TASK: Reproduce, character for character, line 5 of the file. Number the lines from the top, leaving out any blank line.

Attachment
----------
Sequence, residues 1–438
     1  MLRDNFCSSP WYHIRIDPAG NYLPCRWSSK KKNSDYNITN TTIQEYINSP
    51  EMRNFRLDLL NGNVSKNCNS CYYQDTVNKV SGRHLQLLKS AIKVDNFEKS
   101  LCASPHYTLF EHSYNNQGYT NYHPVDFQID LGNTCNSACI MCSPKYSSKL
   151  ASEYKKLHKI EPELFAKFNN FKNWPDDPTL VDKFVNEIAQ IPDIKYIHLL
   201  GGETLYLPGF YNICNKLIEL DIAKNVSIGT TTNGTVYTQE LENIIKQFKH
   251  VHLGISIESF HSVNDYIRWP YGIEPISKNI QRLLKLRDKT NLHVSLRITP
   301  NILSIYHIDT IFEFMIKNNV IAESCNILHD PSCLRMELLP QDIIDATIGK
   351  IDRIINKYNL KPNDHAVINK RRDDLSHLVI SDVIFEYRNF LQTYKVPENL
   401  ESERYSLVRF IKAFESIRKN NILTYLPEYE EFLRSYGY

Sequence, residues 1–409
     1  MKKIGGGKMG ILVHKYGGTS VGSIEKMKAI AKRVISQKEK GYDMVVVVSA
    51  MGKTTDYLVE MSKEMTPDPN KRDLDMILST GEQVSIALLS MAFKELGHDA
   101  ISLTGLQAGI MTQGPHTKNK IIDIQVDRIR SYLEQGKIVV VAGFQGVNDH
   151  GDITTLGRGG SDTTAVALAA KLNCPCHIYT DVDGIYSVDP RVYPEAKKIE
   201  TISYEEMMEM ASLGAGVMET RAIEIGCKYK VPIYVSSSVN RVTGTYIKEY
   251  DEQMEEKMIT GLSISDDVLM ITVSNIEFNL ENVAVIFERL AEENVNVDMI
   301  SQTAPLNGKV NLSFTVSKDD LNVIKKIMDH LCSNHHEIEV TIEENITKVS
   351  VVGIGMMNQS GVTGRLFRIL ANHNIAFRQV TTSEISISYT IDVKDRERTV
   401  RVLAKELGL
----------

   151  ASEYKKLHKI EPELFAKFNN FKNWPDDPTL VDKFVNEIAQ IPDIKYIHLL